During your hike, you’ll be walking on uneven, sometimes steep terrain for five to nine days consecutively. 

One of the most challenging parts of the whole trek is the summit night, during which you have to face a long and hard uphill slog in the high altitude. After making your way up, you also have to make your way down, all in one day. This equates to up to 15 hours of trekking in relatively challenging terrain and conditions. 

On top of that, the Kilimanjaro climb can be mentally and emotionally demanding. You’re far away from home, don’t have access to your usual comforts, you sleep in a tent, experience cold, and you’re dependent on your fellow hikers.  

It’s a good idea to prepare your body and mind for this adventure. You may benefit from an intense training regimen (at least four days of training sessions for building endurance and strength). 

Also, make sure your motivation is unshakable. Select a reliable company to organise your hike to ensure your own safety and peace of mind, knowing you’re in good hands.

Hikers standing on the summit of Mount Kilimanjaro during sunrise

How Difficult Is Kilimanjaro? Success Rates!

As we mentioned earlier, the longer routes offer the highest success rates. A route such as Lemosho has an impressive 90% success rate, whereas a seemingly more popular Marangu route offers only a 65% success rate.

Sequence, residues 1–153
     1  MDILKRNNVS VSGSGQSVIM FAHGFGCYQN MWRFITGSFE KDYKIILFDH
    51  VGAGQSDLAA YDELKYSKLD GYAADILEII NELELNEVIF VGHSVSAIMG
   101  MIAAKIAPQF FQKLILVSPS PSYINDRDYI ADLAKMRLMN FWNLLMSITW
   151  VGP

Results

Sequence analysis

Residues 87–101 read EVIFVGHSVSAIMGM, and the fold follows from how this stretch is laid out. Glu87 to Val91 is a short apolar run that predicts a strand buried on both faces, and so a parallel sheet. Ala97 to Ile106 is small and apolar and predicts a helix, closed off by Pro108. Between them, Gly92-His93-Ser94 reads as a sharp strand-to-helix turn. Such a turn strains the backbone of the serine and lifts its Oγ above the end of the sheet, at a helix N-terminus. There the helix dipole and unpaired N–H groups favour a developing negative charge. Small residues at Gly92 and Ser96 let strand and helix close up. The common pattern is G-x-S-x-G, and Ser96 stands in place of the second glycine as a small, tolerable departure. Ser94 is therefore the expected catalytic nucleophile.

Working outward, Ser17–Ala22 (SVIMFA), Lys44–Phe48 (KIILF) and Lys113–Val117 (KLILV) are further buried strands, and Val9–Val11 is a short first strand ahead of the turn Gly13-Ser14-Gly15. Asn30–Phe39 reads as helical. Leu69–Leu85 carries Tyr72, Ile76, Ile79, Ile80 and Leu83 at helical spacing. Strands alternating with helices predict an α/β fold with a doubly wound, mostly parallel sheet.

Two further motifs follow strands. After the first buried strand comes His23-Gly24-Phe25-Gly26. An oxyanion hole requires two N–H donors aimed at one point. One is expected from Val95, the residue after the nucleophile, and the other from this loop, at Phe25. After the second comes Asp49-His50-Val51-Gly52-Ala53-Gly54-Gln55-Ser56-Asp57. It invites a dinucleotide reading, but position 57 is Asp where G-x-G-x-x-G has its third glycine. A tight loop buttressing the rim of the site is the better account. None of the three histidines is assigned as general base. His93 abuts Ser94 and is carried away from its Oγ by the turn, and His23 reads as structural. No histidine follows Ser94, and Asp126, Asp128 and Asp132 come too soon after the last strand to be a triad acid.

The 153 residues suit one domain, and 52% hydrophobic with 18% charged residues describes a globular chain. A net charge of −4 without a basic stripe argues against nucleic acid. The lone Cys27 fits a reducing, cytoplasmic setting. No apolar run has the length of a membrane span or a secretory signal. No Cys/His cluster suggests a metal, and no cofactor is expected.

The average success rate for Mount Kilimanjaro is around 65%, which means almost half of all people who try to climb this mountain fail.  

Can an Average Person Climb Kilimanjaro?

Yes, it’s more than possible for an average, active person to climb Kilimanjaro. A few factors play a role in a successful ascend.

  • Good preparation and planning ahead
  • Supportive and experienced guide (we’ll take care of that)
  • Choosing a longer trekking route
  • Having solid motivation and a positive attitude

Some FAQ at a glance

How many people fail to climb Kilimanjaro?

Approximately half to one-third of climbers fail to make it to the summit of Mount Kilimanjaro. There are various reasons for that, the most prominent one being the altitude and the negative effects low oxygen levels have on the body. 

Is 50 too old to climb Kilimanjaro?

No, anyone who is physically active, strong enough, and in good health can climb Kilimanjaro. Age doesn’t play a considerable role here. 

Can a beginner climb Kilimanjaro?

Yes, beginners can hike on Kilimanjaro. The important thing is to prepare for this challenge. A person should be in good physical condition, preferably after being in training for at least a couple of months prior to the hike.

Signpost of Uhuru Peak of Mount Kilimanjar

If you can dream it, you can do it

Climbing Kilimanjaro might be one of the hardest things some people will do in their lives, but all the challenges along the way make this experience truly rewarding and one of a kind. As impressive as the mountain is from afar, the views it offers from the summit are just breathtaking. 

The key to success is having enough time to acclimatize on the mountain and choosing the right company that has lots of experience in conducting Kilimanjaro hiking trips.

At Tanzania Specialist, we take great pride in our Kilimanjaro Packages that offer high-quality tents, private cooks, park fees, rescue fees, and much more! Our crew is experienced and equipped to handle all sorts of difficulties that may arise on your hike. 

We’re there for you every step of the way, making sure you’re in the right state of mind and physically ready to climb the majestic Kilimanjaro. Book your trip or reach out to us if you have more questions. We’ll be happy to address them all!